One of the most efficient methods for dynamically analyzing and debugging Windows processes is by using Microsoft’s Process Monitor, often referred to as ProcMon. This tool offers users a wealth of information that can unveil interesting discoveries, including detection artifacts and local privilege escalation vulnerabilities. In the Escalating Privileges via Third-Party Windows Installers blog post, we delved into ProcMon filters for investigating insecure file operations conducted by NT AUTHORITY\SYSTEM processes. CVE-2023-27470 was initially identified through the implementation of these very ProcMon filters, shown in Figure 1. As a reminder, standard users have write privileges to the system's C:\Windows\Temp and C:\ProgramData folders and may sometimes have excessive privileges to their subfolders due to permission inheritance.


Figure 1: ProcMon filters to analyze insecure file operations from NT AUTHORITY\SYSTEM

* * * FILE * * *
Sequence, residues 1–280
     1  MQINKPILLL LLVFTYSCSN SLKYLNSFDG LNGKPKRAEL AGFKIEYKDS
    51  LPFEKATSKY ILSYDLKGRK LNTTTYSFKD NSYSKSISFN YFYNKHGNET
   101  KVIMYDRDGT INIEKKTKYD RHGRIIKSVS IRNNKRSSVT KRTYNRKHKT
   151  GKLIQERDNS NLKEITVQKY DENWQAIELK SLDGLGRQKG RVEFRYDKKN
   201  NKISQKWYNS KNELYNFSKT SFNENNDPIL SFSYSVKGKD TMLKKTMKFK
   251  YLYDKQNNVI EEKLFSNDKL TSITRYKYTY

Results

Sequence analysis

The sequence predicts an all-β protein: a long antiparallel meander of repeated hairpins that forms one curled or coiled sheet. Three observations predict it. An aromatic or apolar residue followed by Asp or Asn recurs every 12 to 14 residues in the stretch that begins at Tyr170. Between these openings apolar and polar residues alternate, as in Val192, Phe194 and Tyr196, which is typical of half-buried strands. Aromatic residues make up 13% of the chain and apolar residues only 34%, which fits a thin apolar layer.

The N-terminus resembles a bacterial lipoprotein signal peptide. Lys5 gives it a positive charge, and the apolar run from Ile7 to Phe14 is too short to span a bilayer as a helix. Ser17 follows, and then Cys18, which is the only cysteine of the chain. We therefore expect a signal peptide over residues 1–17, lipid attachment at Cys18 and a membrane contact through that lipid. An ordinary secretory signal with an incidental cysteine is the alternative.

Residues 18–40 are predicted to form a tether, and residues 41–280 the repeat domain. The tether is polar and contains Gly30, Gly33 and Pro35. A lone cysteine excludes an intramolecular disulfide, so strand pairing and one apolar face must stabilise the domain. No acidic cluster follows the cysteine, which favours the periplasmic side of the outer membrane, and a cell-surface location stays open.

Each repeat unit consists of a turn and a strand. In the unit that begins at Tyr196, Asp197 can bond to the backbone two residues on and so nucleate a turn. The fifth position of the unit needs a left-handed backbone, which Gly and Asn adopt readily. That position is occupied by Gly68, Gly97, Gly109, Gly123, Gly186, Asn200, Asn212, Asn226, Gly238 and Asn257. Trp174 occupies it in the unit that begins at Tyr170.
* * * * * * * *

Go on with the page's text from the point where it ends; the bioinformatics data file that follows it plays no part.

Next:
Time Of Check to Time Of Use (TOCTOU) Race Condition

When analyzing the Take Control Agent (BASupSrvcUpdater.exe) process behavior with ProcMon, it was found that every 30 seconds the application made attempts to access a non-existent folder at C:\ProgramData\GetSupportService_N-Central\PushUpdates from an NT AUTHORITY\SYSTEM context. This behavior is illustrated in Figure 2. Since standard users possess write permissions to C:\ProgramData\GetSupportService_N-Central due to permission inheritance, as depicted in Figure 3, we further investigated BASupSrvcUpdater.exe’s behavior in cases where the PushUpdates folder did exist.


Figure 2: Missing PushUpdates folder